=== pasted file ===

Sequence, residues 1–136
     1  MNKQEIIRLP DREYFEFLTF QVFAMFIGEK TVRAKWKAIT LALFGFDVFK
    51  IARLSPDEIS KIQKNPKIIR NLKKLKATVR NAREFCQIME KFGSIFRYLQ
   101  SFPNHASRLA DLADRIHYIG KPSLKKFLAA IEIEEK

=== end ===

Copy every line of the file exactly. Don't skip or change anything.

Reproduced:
Sequence, residues 1–136
     1  MNKQEIIRLP DREYFEFLTF QVFAMFIGEK TVRAKWKAIT LALFGFDVFK
    51  IARLSPDEIS KIQKNPKIIR NLKKLKATVR NAREFCQIME KFGSIFRYLQ
   101  SFPNHASRLA DLADRIHYIG KPSLKKFLAA IEIEEK